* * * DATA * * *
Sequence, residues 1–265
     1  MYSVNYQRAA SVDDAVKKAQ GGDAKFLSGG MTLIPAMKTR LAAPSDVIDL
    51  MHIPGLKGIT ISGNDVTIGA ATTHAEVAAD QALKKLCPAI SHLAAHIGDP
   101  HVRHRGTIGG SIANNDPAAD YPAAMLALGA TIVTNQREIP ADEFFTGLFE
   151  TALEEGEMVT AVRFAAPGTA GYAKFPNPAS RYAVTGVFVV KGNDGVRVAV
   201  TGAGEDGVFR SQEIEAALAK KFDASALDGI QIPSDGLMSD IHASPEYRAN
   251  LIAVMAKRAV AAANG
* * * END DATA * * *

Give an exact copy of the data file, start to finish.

Sequence, residues 1–265
     1  MYSVNYQRAA SVDDAVKKAQ GGDAKFLSGG MTLIPAMKTR LAAPSDVIDL
    51  MHIPGLKGIT ISGNDVTIGA ATTHAEVAAD QALKKLCPAI SHLAAHIGDP
   101  HVRHRGTIGG SIANNDPAAD YPAAMLALGA TIVTNQREIP ADEFFTGLFE
   151  TALEEGEMVT AVRFAAPGTA GYAKFPNPAS RYAVTGVFVV KGNDGVRVAV
   201  TGAGEDGVFR SQEIEAALAK KFDASALDGI QIPSDGLMSD IHASPEYRAN
   251  LIAVMAKRAV AAANG